Symptom 2: Going down the wrong path for too long (not validating product/features)
This can be a harder symptom to detect because it often involves more than one stakeholder. For example, 1) the CEO of the company may have experience in the industry and state what you need to build, or 2) your favorite customer could request a one-off feature that they say is valuable to them.
While it is tempting to just follow the lead and take the request at face value, there are problems to this approach:
  • Without understanding the kind of path you’re going down, you may not even have the equipment to make it all the way!
  • Having others tell you the way to go makes you become reliant on their ability to navigate the maze. A customer’s exit path may not match yours, and one-offs often lead to dead ends in the world of product management.
Both of these issues highlight that have you risk wandering aimlessly down a road to nowhere without clear criteria for when to turn back. So how does a PM try and prevent this from happening?
Solution: Decide how far is too far before setting out down a path (market validation)
One amazing tool to do this is the Product Opportunity Assessment which was made popular by the Silicon Valley Product Group. Much like Amazon’s framework of working backwards, it’s a devilishly simple looking list of questions that forces the PM to really understand what they’re getting into, and the value they’re seeking, long before code is written.
In essence, it creates valuable friction around the product development process and forces you to think about mapping out the journey before actually going down the road.
If you see multiple paths as equally valuable, consider using the above in addition to the concentric circle approach to map out your total addressable market. This not only helps define isolated opportunities, but also maps them to the total addressable market and helps visualize realistic stop points for validation.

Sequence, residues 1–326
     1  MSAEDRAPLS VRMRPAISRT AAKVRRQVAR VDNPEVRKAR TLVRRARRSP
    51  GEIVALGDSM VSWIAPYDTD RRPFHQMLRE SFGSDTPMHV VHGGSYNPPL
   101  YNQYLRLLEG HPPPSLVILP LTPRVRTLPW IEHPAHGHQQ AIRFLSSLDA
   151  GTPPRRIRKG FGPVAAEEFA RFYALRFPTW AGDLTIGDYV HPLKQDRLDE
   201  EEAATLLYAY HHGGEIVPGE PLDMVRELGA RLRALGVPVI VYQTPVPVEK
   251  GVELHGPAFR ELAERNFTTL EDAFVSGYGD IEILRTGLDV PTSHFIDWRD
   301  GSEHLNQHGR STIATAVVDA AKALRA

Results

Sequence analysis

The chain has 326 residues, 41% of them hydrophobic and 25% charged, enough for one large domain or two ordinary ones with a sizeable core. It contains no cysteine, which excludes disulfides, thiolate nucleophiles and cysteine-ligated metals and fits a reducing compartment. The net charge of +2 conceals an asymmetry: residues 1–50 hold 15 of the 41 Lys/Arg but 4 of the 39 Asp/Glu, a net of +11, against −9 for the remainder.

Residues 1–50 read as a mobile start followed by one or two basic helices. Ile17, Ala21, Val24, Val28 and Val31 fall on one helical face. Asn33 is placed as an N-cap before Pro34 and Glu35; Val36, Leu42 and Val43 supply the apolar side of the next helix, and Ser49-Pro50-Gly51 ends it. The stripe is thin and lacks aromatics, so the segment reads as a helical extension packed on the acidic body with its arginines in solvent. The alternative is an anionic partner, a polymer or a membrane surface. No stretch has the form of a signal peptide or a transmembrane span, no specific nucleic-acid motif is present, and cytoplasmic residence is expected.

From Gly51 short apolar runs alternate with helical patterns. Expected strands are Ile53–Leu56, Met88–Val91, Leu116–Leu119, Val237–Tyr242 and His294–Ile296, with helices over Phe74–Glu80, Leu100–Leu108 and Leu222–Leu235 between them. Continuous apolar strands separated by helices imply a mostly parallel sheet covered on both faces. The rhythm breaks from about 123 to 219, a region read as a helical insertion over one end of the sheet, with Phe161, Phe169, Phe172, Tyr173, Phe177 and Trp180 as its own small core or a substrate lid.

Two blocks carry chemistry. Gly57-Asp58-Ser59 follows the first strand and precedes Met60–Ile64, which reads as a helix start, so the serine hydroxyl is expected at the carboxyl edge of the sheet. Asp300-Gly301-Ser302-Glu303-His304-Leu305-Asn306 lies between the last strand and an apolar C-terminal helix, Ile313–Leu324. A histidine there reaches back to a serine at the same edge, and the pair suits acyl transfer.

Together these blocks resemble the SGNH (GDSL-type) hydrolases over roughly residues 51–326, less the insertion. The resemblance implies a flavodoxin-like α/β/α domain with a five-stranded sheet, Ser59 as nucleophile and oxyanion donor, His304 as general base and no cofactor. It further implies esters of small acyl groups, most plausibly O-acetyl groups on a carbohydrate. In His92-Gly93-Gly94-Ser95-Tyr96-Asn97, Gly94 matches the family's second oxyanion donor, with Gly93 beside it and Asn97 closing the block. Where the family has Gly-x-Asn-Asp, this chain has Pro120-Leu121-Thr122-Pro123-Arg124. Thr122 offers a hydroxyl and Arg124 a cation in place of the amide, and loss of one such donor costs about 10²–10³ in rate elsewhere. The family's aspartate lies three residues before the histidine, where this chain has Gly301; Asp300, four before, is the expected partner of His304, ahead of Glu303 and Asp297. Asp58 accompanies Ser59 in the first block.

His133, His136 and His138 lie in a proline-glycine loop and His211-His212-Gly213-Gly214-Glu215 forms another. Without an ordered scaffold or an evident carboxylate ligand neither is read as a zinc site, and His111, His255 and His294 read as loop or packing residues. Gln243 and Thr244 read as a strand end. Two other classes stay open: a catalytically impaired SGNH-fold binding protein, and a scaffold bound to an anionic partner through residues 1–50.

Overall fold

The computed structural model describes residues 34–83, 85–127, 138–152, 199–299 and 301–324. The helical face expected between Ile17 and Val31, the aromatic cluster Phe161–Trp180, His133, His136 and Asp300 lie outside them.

To go along with the maze example — the core of a circle would be your initial market validation, with the outer circles representing potential expansion markets. Once a PM has launched a product with users completely served by your solution you now have a safe zone to expand from.
This way forces people to understand that various segments of addressable markets can exist, and whether or not you’re even near the right area to expand to closely related segments. Ultimately, if you keep going out further of the safe zone without achieving a solid user base for what you’ve built, you’ve probably gone too far.

Challenge 3 — Am I Following the Right Signs to Exit?

At last, the light at the end of the tunnel! You’ve done validation, focused on responsible segmentation, and have picked strong strategic paths, what could stop you now? Alas there are still issues a PM needs to be vigilant about:
  • What if what I’m hearing isn’t the reality of the situation?
  • Is this the path we all need to go down, or the one I WANT to go down?
You’ll notice that this is different than challenge 2; it’s not questioning the reasoning but rather the assumptions itself, which is the 3rd and final symptom of a bad product strategy: